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May 24, 2021 | Volume xxvii, #21



  • Hardlines Podcast: Peavey CEO Doug Anderson shares his vision for growth
  • Home Depot, Lowe’s ride wave of home improvement spending, with Canada ahead
  • With prices through the roof, thefts abound as lumber now a hot commodity
  • Canadian Tire takes on Amazon with premium membership program

PLUS: Home Depot Canada named Energy Star Canada National Retailer, Grenier promoted at BMR, new hires at Lowe’s Canada, tips from BMR ambassador Hugo Girard, Canadian Tire commits $12 million to Jumpstart, new owners switch to RONA in Quebec, Jeld-Wen named Energy Star Manufacturer of the Year, existing homes fall, and more!

Hardlines Podcast: Peavey CEO Doug Anderson shares his vision for growth

In the latest podcast from the Hardlines series What’s in Store, Doug Anderson, president and CEO of Peavey Industries, shares the incredible story of how this key regional player based in Red Deer, Alta., managed in a matter of a few years to create a national entity serving stores across the country.

The first step, Anderson says, was the takeover of TSC Stores in 2016. A strong Ontario-based farm and ranch retailer that also had two stores in Manitoba, it represented a similar business to his, but in markets where the Peavey Mart banner did not exist. “It was such a natural fit for us that we felt like it was the right move to make,” Anderson says.

He talks about the bold move to rebrand all the TSC locations, which meant introducing the Peavey Mart banner to Ontario shoppers. That process was completed by the end of March.

But if that wasn’t enough to keep him and the Peavey team busy, he then set his sights on the Ace banner. “Long term, we felt Ace was not a good fit for Lowe’s so I approached them early in 2019 to look at how it could work.”

The deal closed one week before the pandemic shut everything down in March 2020.

Anderson saw it as a good fit for the communities that would not necessarily be best served by a Peavey Mart store. The company had already introduced a small-town hardware store concept called MainStreet Hardware. There are now three such stores, all in Alberta.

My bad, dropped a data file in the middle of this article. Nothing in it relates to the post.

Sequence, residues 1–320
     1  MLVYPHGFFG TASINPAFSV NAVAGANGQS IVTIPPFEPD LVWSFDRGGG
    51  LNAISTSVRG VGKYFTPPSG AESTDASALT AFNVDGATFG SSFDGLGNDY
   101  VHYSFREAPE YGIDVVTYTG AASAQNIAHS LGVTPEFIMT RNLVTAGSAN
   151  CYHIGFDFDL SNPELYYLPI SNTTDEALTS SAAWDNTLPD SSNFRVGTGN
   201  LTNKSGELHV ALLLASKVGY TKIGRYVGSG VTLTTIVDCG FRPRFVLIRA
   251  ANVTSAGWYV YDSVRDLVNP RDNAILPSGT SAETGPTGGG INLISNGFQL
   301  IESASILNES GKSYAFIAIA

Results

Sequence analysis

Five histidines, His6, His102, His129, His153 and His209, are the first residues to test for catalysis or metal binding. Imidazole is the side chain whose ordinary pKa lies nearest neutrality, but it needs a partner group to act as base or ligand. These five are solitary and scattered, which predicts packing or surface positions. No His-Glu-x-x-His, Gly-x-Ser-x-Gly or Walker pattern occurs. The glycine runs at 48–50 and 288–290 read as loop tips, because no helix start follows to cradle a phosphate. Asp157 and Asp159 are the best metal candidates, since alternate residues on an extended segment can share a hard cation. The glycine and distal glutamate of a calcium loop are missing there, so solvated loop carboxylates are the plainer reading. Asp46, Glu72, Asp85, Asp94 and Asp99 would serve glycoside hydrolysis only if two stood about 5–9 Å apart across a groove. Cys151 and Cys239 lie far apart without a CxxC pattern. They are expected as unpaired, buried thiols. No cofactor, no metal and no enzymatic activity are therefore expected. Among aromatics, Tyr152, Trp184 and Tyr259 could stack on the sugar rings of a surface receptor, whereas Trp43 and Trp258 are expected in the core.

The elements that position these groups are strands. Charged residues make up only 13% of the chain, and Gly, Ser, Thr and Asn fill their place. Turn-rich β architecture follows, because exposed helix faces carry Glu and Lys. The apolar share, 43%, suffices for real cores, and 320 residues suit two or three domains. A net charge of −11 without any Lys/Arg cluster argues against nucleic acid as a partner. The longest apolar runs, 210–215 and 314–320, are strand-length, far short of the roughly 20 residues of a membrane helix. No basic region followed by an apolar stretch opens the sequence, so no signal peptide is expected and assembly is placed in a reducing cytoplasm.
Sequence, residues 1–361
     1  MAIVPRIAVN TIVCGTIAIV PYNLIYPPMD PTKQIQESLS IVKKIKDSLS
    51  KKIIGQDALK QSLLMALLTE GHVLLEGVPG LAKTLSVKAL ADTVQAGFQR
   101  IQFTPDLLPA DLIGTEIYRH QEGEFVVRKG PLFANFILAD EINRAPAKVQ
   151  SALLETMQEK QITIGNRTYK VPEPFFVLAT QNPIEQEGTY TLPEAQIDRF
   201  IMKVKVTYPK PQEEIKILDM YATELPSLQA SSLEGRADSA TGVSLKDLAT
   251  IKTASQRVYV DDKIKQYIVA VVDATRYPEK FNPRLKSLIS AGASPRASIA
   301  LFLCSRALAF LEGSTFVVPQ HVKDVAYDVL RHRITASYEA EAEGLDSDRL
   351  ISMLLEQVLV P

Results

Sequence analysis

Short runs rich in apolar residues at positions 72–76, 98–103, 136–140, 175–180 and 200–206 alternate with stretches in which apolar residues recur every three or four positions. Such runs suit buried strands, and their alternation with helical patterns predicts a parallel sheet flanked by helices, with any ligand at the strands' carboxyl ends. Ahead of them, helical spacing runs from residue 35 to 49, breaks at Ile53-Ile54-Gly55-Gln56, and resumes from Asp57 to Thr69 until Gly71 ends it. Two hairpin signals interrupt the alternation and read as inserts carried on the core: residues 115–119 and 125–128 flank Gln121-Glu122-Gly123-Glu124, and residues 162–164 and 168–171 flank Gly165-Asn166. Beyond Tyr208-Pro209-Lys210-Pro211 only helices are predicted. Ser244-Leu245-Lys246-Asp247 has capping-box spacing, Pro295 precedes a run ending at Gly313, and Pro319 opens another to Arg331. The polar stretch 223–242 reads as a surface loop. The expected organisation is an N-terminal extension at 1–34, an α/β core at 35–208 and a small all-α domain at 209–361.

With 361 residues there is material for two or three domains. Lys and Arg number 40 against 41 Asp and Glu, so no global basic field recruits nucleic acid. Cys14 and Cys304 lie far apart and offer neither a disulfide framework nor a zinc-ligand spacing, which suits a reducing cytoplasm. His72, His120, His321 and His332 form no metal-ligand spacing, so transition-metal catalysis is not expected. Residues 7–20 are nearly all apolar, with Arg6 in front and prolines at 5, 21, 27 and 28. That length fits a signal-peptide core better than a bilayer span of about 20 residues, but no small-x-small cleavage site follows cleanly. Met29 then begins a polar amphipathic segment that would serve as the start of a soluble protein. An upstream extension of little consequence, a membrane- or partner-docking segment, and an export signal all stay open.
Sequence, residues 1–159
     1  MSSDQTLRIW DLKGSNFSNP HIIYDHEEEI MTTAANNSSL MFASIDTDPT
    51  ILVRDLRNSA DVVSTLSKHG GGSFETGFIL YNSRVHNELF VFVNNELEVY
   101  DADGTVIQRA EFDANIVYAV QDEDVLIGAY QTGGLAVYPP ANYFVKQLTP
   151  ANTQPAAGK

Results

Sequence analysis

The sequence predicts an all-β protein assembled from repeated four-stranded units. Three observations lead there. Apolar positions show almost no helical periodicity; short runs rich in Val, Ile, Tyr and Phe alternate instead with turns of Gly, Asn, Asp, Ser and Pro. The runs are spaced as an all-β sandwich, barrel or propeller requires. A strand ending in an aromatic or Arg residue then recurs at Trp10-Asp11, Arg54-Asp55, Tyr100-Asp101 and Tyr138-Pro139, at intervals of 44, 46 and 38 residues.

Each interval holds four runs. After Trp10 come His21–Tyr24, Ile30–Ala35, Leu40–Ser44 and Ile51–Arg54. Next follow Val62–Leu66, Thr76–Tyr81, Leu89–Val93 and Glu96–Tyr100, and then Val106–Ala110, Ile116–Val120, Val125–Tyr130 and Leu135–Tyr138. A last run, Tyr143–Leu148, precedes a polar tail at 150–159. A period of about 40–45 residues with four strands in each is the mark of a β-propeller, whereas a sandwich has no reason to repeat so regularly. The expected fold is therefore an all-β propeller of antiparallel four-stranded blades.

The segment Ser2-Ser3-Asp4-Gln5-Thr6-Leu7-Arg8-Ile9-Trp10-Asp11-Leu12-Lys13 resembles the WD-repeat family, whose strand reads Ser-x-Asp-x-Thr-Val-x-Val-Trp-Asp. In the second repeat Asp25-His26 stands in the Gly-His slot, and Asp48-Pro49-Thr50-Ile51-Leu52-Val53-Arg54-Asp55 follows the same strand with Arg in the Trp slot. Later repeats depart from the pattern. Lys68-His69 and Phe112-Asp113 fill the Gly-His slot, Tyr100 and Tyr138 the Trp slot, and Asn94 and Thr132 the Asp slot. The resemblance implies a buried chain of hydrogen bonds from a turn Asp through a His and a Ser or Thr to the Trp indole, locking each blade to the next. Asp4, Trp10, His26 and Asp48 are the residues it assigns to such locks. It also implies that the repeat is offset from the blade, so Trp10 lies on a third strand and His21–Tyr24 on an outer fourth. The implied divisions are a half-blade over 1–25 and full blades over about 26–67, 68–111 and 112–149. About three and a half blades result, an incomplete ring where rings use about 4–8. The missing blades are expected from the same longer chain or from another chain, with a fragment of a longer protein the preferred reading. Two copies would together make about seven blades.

Ace, he says, fills a similar market need that the MainStreet stores aim at. “It was very complementary to our farm and ranch operations and really allowed us, not only to provide that density we were looking for with that MainStreet concept, but also allowed us access to new markets such as Quebec, and a lot more penetration into British Columbia, for example.”

The shift to dealer-owned stores from a network of corporately held outlets required a shift within Peavey. Anderson admits that “we really had to reinvent ourselves” concerning distribution and systems.

Anderson shares these details, and much more, including how Peavey turned to Sexton Group for its LBM needs, and succession opportunities with the Ace brand, in the newest podcast from Hardlines.

(Click here to sign up for the Hardlines podcast series!)

Home Depot and Lowe’s enjoy strong results in Q1, with Canada ahead

North American home improvement sales stayed strong through the first part of 2021, as shown by the latest results from the industry’s two top players.

Last week, The Home Depot reported first-quarter revenues of $37.5 billion, 32.7 percent higher than the same period of 2020. Just a day later, Home Depot’s biggest rival, Lowe’s, reported similar results.

Profits at Home Depot nearly doubled, amounting to $4.1 billion. A year ago the company posted earnings of $2.2 billion. Like other home improvement retailers, Home Depot has benefited from an ongoing boom in home projects as people continue to work and study from home.

Home Depot’s Q1 same-store sales rose by 31 percent. Those increased comps were realized in all of Home Depot’s top 40 markets, while Canada posted comps above the company average.

For Lowe’s, first-quarter net earnings reached $2.32 billion, up from $1.34 billion a year earlier. Sales rose 24.1 percent to $24.42 billion. All Lowe’s U.S. divisions saw comp sales go up by more than 18 percent. Like at Home Depot, comp growth in Canada outpaced the U.S.

“We are very pleased with our new leadership team’s progress driving improvement in Canada through a challenging operating environment, as [Lowe’s CEO] Marvin Ellison mentioned on our Q1 2021 call,” said Lowe’s in a statement. Ellison went on to acknowledge the frontline workers at Lowe’s Canada as well, “for their resilience and commitment to serve our customers in this challenging operating environment.”

During the quarter, Lowe’s also saw big gains company-wide in the much sought-after pro business. Comp sales to that segment were up 30 percent.

On the same analysts’ call, David Denton, executive vice president and CFO of Lowe’s, anticipated continued challenges in the Canadian market and a possible slowdown overall in sales.

“Looking forward, year-over-year comparisons remain difficult throughout the remainder of the year. Also, we continue to see COVID restrictions in some areas across Canada. As markets reopen, we are closely monitoring consumer behaviour, anticipating a potential modest shift in spending away from the home.”

With prices through the roof, thefts abound as lumber now a hot commodity

The burgeoning cost of lumber has made it so coveted that homebuilders and dealers alike are having to take special measures to protect it.